I am writing this blog to firm leaders.  I don’t know how many times I have had Managing Partners or Executive Committee members share a story of a poor performing and/or poor behaving partner that they have let go.  Inevitably in the conversation, they will say, “We had all of these reasons why we couldn’t or shouldn’t take action.  But when we finally did, all of our reasons were invalid.  We are so much better off without them!

At ConvergenceCoaching, we are big believers that all people, at all levels, deserve a chance to be successful.  Ways that you can ensure the success of your people – including partners - include:

  1. Defining expected behaviors in writing – including your firm’s core values, your partner code of conduct and other behavioral expectations in your employee handbook
  2. Documenting roles, responsibilities and measures of success in writing – making it crystal clear what each player on your team is responsible for doing and delivering in their work
  3. Holding regular check-in meetings to provide guidance and feedback to your people – and then being straight about what’s working and not working so they can address disappointments and change behavior or performance when it isn’t measuring up
  4. Delivering annual feedback formally and paying for the performance you are experiencing – for all levels, including partners, who should be getting formal performance feedback (upward and downward feedback at a minimum) and then being clear about how their compensation ties to their behavior and contribution

One of the reasons why many of us allow poor performers and bad behavior to persist is that we feel we haven’t done all that we can to support the success of the person.  If you’re engaged in that conversation about someone in your firm, go through all 4 steps outlined above over the next 90 to 180 days to ensure you have done what you need to do to ensure their success.  Then, if performance doesn’t improve, seek labor counsel and take the steps to let the person go – no matter what level they are in the firm. 

In other cases, you may feel that you have done the things to ensure success and things have not improved.  But you have been stopped from taking action because:

  • You’re afraid to hurt the other party – if you’ve done all that you can and they are not succeeding, you are actually doing the poor performer a disservice by allowing them to show up every day in a “no win” role
  • You’re afraid it will be bad for morale – if the person’s behavior is damaging to the firm, like bullying, not adhering to firm policies or leadership decisions, engaging in substance abuse, delivering poor quality or client service, or not carrying their weight financially, you’re allowing the individual to hurt the firm – and its people.  As a leader in the firm, it is your job to protect the health of the entity and its stakeholders.  No single partner, employee, or client should be allowed to damage your entity or its people. When a leader takes action to correct poor performance or behavior, it generally raises the level of esteem others hold for them – your people will respect and trust you because you did what needed to be done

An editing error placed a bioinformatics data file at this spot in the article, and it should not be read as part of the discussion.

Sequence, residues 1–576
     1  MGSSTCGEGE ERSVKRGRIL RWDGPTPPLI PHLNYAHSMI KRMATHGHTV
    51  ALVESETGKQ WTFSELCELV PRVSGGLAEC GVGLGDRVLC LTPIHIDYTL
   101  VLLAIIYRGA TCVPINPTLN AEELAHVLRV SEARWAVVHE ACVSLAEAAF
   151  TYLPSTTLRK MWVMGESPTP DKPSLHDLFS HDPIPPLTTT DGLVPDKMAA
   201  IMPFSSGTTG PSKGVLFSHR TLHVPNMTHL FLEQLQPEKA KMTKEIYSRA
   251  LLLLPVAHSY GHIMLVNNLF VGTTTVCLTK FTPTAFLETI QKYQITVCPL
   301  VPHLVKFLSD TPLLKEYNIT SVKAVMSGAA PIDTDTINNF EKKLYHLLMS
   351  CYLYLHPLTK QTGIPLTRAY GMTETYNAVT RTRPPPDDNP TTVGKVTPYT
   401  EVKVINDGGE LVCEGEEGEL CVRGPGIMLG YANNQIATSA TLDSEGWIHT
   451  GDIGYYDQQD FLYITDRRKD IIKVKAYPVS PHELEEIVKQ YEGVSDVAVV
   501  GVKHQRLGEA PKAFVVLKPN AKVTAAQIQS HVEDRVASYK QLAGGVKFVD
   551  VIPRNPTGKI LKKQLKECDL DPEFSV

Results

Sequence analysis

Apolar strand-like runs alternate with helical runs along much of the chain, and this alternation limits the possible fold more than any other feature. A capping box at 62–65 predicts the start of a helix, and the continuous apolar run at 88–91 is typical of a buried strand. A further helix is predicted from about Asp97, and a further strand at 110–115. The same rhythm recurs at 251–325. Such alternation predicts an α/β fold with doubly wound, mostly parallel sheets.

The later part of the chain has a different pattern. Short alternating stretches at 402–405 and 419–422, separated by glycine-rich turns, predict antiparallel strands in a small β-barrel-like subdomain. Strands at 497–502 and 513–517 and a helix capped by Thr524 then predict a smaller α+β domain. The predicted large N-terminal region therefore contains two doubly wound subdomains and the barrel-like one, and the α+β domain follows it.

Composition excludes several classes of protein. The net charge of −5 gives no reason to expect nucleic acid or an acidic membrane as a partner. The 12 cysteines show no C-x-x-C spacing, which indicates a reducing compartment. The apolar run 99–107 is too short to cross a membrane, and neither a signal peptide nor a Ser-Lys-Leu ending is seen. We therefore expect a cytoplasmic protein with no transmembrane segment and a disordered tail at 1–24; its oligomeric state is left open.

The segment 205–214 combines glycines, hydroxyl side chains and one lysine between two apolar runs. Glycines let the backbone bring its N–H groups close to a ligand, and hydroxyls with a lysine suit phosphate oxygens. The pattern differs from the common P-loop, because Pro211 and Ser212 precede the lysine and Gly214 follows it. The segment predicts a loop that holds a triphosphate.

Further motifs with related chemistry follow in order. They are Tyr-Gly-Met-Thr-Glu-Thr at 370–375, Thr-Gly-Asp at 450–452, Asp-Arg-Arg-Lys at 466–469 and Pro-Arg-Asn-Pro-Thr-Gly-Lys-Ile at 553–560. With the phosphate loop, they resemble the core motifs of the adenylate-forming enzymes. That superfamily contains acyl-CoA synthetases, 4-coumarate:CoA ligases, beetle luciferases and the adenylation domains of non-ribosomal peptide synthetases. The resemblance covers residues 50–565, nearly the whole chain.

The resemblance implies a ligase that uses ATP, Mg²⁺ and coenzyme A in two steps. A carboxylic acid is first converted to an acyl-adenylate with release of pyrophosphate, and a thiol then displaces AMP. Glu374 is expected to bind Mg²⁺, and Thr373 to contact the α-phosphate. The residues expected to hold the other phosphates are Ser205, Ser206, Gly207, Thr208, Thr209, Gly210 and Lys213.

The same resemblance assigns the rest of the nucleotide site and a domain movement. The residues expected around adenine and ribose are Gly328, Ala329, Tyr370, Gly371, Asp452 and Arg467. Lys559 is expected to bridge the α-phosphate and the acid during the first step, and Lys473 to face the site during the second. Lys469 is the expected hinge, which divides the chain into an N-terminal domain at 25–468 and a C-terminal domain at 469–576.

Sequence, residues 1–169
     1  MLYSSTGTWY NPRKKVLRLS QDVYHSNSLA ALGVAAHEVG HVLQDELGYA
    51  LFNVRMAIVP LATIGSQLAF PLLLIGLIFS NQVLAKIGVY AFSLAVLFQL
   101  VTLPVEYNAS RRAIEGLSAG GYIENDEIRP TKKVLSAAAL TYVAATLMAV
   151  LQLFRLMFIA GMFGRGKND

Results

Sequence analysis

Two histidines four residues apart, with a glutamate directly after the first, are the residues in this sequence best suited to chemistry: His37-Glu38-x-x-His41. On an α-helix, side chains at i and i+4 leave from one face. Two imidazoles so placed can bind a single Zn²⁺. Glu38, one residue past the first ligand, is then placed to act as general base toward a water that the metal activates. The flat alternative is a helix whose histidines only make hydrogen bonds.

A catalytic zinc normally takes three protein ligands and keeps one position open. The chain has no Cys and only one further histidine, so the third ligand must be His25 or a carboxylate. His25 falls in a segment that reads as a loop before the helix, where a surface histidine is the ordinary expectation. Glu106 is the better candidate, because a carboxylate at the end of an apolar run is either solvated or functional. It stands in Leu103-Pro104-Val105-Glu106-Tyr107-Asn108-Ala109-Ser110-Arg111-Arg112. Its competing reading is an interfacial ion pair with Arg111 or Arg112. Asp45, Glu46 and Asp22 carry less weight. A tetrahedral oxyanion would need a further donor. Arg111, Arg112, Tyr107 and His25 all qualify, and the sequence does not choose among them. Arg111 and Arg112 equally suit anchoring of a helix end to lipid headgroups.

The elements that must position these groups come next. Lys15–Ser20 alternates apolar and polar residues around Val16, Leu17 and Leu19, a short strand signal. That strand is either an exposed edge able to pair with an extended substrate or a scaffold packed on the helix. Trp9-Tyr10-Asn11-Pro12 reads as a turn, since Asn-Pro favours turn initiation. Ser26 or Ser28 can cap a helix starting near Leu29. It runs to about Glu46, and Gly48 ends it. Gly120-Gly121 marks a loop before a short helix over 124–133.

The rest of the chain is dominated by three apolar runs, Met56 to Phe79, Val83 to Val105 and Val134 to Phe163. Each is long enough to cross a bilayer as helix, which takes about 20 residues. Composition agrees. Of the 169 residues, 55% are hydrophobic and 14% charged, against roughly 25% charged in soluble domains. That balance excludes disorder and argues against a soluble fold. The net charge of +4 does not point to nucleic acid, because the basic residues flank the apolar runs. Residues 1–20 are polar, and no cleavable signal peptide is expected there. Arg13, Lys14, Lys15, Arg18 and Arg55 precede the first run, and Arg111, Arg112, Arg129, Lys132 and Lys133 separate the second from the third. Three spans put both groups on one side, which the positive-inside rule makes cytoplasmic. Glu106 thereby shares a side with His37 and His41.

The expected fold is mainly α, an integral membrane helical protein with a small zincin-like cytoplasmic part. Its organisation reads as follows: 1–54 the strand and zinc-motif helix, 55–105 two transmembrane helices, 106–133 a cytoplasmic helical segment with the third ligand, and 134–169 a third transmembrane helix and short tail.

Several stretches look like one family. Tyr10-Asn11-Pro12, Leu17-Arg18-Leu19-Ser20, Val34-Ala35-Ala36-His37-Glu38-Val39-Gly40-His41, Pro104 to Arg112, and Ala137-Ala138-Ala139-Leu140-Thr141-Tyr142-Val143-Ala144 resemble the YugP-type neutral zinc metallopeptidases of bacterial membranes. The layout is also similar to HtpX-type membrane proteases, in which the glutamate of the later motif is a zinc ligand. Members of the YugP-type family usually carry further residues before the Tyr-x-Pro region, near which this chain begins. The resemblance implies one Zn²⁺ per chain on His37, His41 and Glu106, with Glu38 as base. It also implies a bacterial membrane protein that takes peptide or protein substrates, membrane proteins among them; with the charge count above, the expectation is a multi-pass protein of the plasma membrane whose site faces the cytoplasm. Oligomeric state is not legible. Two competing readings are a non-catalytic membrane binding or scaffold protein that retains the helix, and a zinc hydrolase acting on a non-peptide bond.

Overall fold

• You’re afraid that the client or financial impact will be too great – frequently, the poor performer can be easily replaced.  In most organizations, team members are all too willing to step in and work to salvage clients and projects because they know how important it is and because they are relieved to see the needed change occur.  Occasionally, the poor performer is a big contributor, too – their problems lie in areas other than financial contributions.  In that instance, the firm must make a tough decision to take a step backward financially – and, if necessary, reduce costs or adjust staffing to align with the new, but temporary, revenue set back.  Often, motivation and morale are so positively impacted that any effect is reversed quickly as others step up, or even join your firm now that the “problem” is removed
  • You don’t want to engage in the politics and legal aspects required – While it is unpalatable to manage the legal aspects of letting someone go – especially a partner – or navigating the communications and politics surrounding this activity, in my experience, the “fallout” from keeping a poor performer or a partner with behavioral issues is almost always much worse.  The costs of holding on include:
    • Allowing team members (including you) to waste precious time and drain motivation complaining about the person
    • Enabling the continued poor performance which can cost money, people and clients and place the firm at risk in many cases
    • Eroding the respect and trust of others who become aware of the poor performance or behavior over time (and everyone does eventually) and then gross out that the firm is allowing it
    • Establishing an unwritten rule that your written rules of behavior and performance don’t universally apply – which gives permission to others to start sliding in their own poor performance or behavior

Great leaders do what has to be done.  Strong leaders take action.  Trusted leaders do the right thing – for the individuals and the entity.  If you’re hesitating, ask yourself if you’ve done all that you can do to turn the performance or behavior around (steps 1-4 from above).  If you have, then what are you waiting for?

Drop the anchor from your team.  I haven’t met a leader that has done so who isn’t lighter – and better off – yet!